Three US officials confirmed on Friday that the US intelligence community is trying to determine if the ballistic missile North Korea tested earlier this week had properties the US has not seen before.
According to the officials, one of the three ballistic missiles North Korea has launched on Wednesday flew an unusual trajectory that two officials described as a “double arc” – the missile ascended and then descended twice – with the second phase possibly being a re-entry vehicle breaking off from the main missile.
They presume this trajectory may indicate North Korea’s goal was to test its ability to fire a missile and have it re-entered into the Earth’s atmosphere to reach a target and one official noted it’s still not clear to the US if that was all part of the planned flight path, emphasizing that all three test launches, according to the US intelligence assessment, is still in the preliminary stages.
The three launches, each of which occurred within the span of an hour, come amid concerns that North Korea is preparing for its first underground nuclear test since 2017 with South Korea warning that its neighbor was testing a detonation device for a nuclear test, which could be a precursor to an actual test.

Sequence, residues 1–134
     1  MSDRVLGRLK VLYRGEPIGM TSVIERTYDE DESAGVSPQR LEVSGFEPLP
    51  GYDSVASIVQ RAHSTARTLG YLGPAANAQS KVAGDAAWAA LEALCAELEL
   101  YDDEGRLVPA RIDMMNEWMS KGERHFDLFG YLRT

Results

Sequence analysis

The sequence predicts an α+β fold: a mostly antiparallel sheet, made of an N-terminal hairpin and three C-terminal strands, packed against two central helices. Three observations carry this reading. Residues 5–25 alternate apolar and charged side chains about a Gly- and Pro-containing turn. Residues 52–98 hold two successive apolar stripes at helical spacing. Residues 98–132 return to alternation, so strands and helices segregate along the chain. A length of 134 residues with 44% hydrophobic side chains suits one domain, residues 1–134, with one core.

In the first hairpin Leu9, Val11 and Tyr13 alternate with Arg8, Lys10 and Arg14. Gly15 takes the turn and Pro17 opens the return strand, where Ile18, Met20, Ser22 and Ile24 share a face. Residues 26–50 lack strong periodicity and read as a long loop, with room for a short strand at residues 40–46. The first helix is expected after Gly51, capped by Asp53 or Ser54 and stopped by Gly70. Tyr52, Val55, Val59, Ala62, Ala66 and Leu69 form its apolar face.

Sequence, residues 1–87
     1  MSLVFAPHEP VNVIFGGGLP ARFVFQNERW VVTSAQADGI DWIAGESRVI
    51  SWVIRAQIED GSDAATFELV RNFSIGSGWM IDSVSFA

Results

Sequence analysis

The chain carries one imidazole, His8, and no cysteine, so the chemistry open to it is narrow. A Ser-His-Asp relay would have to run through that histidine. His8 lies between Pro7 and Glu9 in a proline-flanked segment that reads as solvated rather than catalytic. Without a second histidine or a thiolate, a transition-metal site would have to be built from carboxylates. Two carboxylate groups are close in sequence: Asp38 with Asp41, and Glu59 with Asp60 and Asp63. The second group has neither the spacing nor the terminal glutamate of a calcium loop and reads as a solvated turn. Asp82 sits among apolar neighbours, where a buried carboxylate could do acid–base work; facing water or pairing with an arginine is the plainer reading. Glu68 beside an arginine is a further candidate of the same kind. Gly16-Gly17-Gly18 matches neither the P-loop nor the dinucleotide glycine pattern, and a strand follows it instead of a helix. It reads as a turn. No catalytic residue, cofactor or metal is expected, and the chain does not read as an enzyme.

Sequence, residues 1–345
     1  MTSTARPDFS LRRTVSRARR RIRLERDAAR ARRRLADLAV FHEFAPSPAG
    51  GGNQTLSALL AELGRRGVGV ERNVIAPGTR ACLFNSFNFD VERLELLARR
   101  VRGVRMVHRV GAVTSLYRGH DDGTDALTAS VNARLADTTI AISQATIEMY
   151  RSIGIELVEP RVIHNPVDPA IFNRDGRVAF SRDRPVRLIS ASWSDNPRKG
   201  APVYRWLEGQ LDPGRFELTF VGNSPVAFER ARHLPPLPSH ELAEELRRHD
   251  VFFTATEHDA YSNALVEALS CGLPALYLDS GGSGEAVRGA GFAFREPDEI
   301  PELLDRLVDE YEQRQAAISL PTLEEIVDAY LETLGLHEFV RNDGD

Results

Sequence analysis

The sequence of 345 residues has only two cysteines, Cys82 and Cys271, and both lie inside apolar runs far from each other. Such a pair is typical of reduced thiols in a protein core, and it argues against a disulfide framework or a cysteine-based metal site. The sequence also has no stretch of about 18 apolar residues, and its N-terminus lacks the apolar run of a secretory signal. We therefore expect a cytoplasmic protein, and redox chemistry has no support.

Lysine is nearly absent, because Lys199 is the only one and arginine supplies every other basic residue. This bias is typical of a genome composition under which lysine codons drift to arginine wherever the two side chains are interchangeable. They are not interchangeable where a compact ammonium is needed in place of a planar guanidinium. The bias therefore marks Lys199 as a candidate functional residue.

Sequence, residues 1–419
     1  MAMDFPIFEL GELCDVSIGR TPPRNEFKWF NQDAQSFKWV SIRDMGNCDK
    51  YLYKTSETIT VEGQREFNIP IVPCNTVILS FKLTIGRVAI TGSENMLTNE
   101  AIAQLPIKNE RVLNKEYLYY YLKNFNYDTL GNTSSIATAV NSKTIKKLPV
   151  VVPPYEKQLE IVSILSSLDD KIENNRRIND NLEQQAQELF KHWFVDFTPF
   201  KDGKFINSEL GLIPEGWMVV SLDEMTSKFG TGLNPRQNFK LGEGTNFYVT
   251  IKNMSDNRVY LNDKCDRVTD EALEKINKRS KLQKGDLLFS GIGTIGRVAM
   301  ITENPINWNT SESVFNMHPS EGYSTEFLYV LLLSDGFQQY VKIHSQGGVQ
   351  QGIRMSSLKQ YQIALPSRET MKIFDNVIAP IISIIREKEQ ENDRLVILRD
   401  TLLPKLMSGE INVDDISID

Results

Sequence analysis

The joint statement from US Secretary of State Antony Blinken, South Korean Foreign Minister Park Jin, and Japanese Foreign Minister Yoshimasa Hayashi on Friday has expressed the three countries’ deep concern about the May 25 launches of an intercontinental ballistic missile and shorter-range ballistic missiles by DPRK.
They emphasized that since September 2021, the DPRK has significantly increased the pace and scale of its ballistic missile launches each of which violated multiple UNSC resolutions, posing at the same time a grave threat to the region and the international community.